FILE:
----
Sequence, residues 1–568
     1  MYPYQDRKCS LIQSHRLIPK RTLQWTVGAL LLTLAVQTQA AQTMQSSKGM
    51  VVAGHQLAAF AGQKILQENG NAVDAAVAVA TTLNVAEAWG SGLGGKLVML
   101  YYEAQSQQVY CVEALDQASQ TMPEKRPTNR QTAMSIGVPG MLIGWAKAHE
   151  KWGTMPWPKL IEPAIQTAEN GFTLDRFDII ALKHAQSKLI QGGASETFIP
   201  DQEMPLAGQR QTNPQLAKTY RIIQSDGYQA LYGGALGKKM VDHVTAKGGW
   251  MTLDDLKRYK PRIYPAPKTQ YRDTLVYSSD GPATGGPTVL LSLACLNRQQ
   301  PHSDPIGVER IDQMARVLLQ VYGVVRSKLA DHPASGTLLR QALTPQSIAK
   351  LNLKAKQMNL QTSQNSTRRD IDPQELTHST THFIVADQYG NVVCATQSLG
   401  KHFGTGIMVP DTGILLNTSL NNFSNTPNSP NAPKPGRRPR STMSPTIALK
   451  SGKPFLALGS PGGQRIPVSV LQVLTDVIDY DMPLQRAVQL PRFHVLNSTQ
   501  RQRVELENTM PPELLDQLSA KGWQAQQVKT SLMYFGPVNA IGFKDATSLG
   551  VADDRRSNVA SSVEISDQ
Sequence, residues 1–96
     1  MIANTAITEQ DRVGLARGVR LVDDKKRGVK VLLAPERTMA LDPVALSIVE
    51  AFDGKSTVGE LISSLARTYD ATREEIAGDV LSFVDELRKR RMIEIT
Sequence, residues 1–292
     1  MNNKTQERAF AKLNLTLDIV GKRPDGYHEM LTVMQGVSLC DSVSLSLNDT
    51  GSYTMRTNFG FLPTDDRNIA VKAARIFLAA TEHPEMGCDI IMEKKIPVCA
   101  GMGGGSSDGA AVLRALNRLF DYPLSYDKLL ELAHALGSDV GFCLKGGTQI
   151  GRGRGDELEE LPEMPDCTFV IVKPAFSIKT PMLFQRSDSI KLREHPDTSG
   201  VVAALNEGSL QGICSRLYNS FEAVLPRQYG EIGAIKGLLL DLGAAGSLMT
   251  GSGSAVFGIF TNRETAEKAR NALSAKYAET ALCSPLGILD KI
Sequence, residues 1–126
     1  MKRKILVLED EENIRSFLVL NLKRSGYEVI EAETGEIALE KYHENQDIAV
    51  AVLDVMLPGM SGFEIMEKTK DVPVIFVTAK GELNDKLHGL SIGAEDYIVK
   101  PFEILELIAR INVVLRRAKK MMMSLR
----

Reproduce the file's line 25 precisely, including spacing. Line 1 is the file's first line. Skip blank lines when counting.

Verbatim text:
     1  MKRKILVLED EENIRSFLVL NLKRSGYEVI EAETGEIALE KYHENQDIAV